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March 1 @ 7:00 am - 11:30 pm


Article 371A of the Indian Constitution presents a significant challenge to regulating coal mining in Nagaland.

This provision grants special provisions to Nagaland, protecting Naga customary law and complicating government oversight, particularly concerning recent fatalities in rat-hole mining accidents.

Understanding Article 371A

Origins and Scope:

  • Introduced as part of the 13th Amendment in 1962, Article 371A grants special provisions to Nagaland, safeguarding Naga customary law and social practices.
  • It restricts the application of Parliament’s acts to Nagaland concerning religious or social practices, administration of justice, and ownership of land and resources unless approved by the Nagaland Legislative Assembly.

Implications on Mining Regulation:

  • Article 371A limits the state government’s authority over land and resources, which are primarily governed by Naga customary laws.
  • This poses challenges for regulating coal mining activities, especially in ensuring compliance with safety and environmental regulations.

Regulation of Rat-Hole Mining in Nagaland:

Coal Mining Landscape:

  • Nagaland holds significant coal reserves, albeit dispersed unevenly across the state.
  • Rat-hole mining is prevalent due to the scattered nature of coal deposits, with large-scale operations being impractical.

Rat-Hole Mining Practices:

  • Rat-hole mining involves extracting coal from narrow horizontal tunnels, often dug by hand, posing safety and environmental risks.
  • Licences for rat-hole mining, granted to individual landowners, are subject to specific conditions outlined in the Nagaland Coal Policy.

Challenges and Regulatory Efforts:

  • Despite regulations, instances of illegal rat-hole mining persist, driven by economic necessity and lax enforcement.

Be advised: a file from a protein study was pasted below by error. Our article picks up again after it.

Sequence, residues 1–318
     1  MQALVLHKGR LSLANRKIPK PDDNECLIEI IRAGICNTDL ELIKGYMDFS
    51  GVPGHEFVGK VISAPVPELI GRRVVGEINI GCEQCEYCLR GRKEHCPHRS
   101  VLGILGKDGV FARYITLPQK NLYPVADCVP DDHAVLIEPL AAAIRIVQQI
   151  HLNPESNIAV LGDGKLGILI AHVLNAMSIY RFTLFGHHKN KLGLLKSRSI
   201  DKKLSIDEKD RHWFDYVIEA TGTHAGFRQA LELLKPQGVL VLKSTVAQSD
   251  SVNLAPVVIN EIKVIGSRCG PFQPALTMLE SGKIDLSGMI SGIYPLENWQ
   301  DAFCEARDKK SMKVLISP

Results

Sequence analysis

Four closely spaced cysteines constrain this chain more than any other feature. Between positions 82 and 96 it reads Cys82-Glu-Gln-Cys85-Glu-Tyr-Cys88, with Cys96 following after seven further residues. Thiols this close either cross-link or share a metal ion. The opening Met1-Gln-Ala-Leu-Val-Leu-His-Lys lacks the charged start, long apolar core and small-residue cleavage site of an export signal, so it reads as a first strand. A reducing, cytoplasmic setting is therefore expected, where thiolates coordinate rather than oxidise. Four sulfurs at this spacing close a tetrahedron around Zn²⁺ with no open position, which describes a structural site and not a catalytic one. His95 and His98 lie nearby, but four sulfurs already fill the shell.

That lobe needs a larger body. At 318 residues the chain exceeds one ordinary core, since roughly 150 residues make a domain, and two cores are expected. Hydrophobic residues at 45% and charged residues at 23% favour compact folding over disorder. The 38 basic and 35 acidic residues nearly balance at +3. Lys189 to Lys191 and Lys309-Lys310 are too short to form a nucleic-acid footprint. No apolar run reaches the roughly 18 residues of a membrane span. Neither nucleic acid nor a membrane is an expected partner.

• Balancing economic interests with environmental concerns poses a challenge, particularly given the dependence of local communities on coal mining for livelihoods.

Impact of Article 371A on Mining Regulation:

Limitations on Governance:

  • Article 371A’s special provisions hinder the government’s ability to regulate mining activities effectively.
  • The recent fatalities in rat-hole mines underscore the urgency of addressing safety concerns and enforcing regulations.

Way Forward:

Enhanced Monitoring and Enforcement:

  • Strengthen monitoring and enforcement mechanisms to curb illegal mining, including increased surveillance and penalties for violators.

Community Outreach and Education:

  • Conduct awareness programs to educate local communities about the hazards of unregulated mining and the importance of adhering to safety and environmental standards.

Collaborative Strategies:

  • Foster collaboration between government agencies, local communities, mining license holders, and environmental organizations to develop sustainable mining practices that balance economic development with environmental conservation.

In navigating the complexities of regulating coal mining in Nagaland, it is imperative to address the legal constraints imposed by Article 371A while prioritizing the safety of miners and the preservation of the environment.


March 1
7:00 am - 11:30 pm
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